Time Blocking: Why you should work in 30-min or 1-hour increments instead of hours-long sessions



Dec 5, 2023

Time Blocking: Why you should work in 30-min or 1-hour increments instead of hours-long sessions

Ultradian Rhythms and Timers: Unlocking the Secrets of Productivity

Welcome to Moonlight's latest exploration into the science of productivity. At Moonlight, we're dedicated to aiding your pursuit of peak performance, be it in writing a novel or debugging a challenging piece of code. Today, we delve into the science of ultradian rhythms, the Pomodoro technique, and the importance of breaks. All in service of our mission: to help you find flow and maintain it. Let's begin.

1. Ultradian Rhythms

1.1. What is it?

Ultradian rhythms are, in essence, biological oscillations in our body that happen several times a day. While you might be more familiar with the circadian rhythm, which aligns with a 24-hour day-night cycle, ultradian rhythms occur within that larger frame and can vary in length.

1.2. Science Behind It

Derived from our circadian rhythm, these rhythms govern various physiological and cognitive functions, from hormone release to attention spans. The science suggests that understanding and harnessing these rhythms can significantly boost productivity.

1.3. How to Use It


  1. Observe Your Natural Peaks and Troughs: Start by observing when you naturally feel most alert and when you feel sluggish. Adjust your tasks accordingly.
  2. Adapt Tasks to Your Rhythms: Schedule demanding tasks during your peaks and less intensive tasks during your troughs.
  3. Consistent Sleep Patterns: Ensure you have a consistent sleep schedule, which can help stabilize and predict your ultradian rhythms better.

2. Science-backed Time Blocking Techniques

What is time blocking:

Time blocking is a time management technique used to increase productivity and efficiency. In this method, specific blocks of time are "reserved" or "allocated" for specific activities throughout the day. Instead of working periodically with an open-ended to-do list, individuals schedule chunks of time in which they fully commit to focusing on a given task.

Pomodoro Technique:

This technique suggests working with focus for 25 minutes and then taking a 5-minute break. After four cycles, take a longer break of 15-30 minutes. Studies found that the Pomodoro Technique results in more efficiency, reduced fatigue, and better concentration.

Other Timing Techniques:

  • 52/17 and 112/26 by DeskTime: By tracking the "most productive users," a study found that these are work/break timings were associated with the most productive users. 52 minutes of work are followed by a 17 minutes long break, and 112 minutes of work are followed by a 26 minutes long break
  • Task-Based Timers: Rather than setting a time, some prefer to work until a specific task is complete, taking breaks between tasks.
  • Time of day: Circadian rhythms can influence attention. Components of attention have a specific time course throughout the day. Understanding one's chronotype can guide optimal work hours. Learn more about your chronotype here [article link here].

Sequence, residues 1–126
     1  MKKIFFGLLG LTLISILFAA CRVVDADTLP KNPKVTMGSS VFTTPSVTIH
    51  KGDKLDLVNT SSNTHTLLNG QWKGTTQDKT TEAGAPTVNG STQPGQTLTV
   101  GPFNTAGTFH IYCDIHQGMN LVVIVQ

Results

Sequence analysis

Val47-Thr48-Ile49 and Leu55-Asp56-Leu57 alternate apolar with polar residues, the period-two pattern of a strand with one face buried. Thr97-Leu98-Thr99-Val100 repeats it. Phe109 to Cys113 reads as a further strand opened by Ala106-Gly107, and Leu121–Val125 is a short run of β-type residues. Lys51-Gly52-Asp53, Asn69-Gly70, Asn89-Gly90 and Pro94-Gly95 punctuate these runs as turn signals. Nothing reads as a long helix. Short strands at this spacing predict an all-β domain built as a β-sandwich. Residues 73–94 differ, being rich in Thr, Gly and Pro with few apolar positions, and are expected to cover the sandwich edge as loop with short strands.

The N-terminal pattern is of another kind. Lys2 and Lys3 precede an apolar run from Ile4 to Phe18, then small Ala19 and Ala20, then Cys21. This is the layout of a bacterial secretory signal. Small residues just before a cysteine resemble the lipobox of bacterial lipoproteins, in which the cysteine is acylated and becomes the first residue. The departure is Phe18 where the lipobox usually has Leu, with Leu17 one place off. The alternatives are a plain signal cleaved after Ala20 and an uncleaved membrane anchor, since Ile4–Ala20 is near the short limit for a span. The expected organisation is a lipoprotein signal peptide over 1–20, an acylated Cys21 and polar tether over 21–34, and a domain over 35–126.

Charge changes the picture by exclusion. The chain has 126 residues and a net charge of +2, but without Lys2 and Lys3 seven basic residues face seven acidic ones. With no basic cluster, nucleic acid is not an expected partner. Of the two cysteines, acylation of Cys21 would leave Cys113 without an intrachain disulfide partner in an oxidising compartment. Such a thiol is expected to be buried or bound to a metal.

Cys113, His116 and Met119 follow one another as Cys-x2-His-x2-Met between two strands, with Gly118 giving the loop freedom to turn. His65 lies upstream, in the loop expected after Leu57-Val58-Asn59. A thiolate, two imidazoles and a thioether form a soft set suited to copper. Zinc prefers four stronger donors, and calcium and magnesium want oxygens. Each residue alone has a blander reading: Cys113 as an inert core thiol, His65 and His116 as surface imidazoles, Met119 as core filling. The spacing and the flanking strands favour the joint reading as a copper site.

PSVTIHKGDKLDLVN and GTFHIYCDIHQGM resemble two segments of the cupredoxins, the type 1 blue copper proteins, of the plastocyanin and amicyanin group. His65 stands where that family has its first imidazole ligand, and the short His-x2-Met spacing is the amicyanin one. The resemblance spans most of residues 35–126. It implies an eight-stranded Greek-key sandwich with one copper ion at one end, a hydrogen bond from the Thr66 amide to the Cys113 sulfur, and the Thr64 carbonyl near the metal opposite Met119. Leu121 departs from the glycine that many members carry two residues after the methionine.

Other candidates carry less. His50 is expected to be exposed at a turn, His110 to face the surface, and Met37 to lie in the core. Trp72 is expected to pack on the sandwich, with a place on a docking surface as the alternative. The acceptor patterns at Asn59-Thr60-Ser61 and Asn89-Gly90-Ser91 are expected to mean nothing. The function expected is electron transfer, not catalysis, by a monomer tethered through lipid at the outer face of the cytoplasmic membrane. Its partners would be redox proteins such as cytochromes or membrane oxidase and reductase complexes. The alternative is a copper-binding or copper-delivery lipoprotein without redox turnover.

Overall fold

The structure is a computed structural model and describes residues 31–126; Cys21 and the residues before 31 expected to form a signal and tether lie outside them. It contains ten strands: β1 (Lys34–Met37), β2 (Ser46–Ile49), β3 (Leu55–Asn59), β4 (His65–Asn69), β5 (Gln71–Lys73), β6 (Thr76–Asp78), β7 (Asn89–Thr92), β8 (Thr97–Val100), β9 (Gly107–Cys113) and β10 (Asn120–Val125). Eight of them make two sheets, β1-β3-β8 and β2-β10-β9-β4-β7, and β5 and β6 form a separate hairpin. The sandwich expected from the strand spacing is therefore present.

4. Importance of Breaks

Well-timed breaks can ensure that we're consistently operating at our cognitive best, rather than pushing through periods of reduced focus and effectiveness.

What you do during your breaks is crucial. For a deep dive into maximizing your break productivity, [break blog] to see our detailed post on the topic.


Harness the power of understanding your body's natural rhythms and time management techniques to enhance productivity. Dive deep into Moonlight Focus, and elevate your work, study, or any task you set out to complete. Embrace the flow today.


The content provided in this blog post is intended solely for informational and educational purposes. It is not meant to substitute professional medical advice, diagnosis, or treatment. Always seek the advice of your physician or another qualified healthcare provider with any questions you may have regarding a medical condition or health objectives.

5. References

We at Moonlight pride ourselves on presenting information rooted in science and derived from peer-reviewed journals. This post's insights come from such reputable sources, ensuring accuracy and credibility. It's worth noting that while our content is based on scientific evidence, it should not be a substitute for medical advice or a visit to a physician.

  • Schmidt, C., Collette, F., Cajochen, C., & Peigneux, P. (2007). A time to think: circadian rhythms in human cognition. Cognitive neuropsychology, 24(7), 755–789. https://doi.org/10.1080/02643290701754158
  • Dikker, S., Haegens, S., Bevilacqua, D., Davidesco, I., Wan, L., Kaggen, L., McClintock, J., Chaloner, K., Ding, M., West, T., & Poeppel, D. (2020). Morning brain: real-world neural evidence that high school class times matter. Social cognitive and affective neuroscience, 15(11), 1193–1202. https://doi.org/10.1093/scan/nsaa142
  • Evans, M. D. R., Kelley, P., & Kelley, J. (2017). Identifying the Best Times for Cognitive Functioning Using New Methods: Matching University Times to Undergraduate Chronotypes. Frontiers in human neuroscience, 11, 188. https://doi.org/10.3389/fnhum.2017.00188
  • Valdez P. (2019). Circadian Rhythms in Attention. The Yale journal of biology and medicine, 92(1), 81–92.
  • Biwer, F., Wiradhany, W., oude Egbrink, M. G. A., & de Bruin, A. B. H. (2023). Understanding effort regulation: Comparing “Pomodoro” breaks and self‐regulated breaks. British Journal of Educational Psychology. https://doi.org/10.1111/bjep.12593

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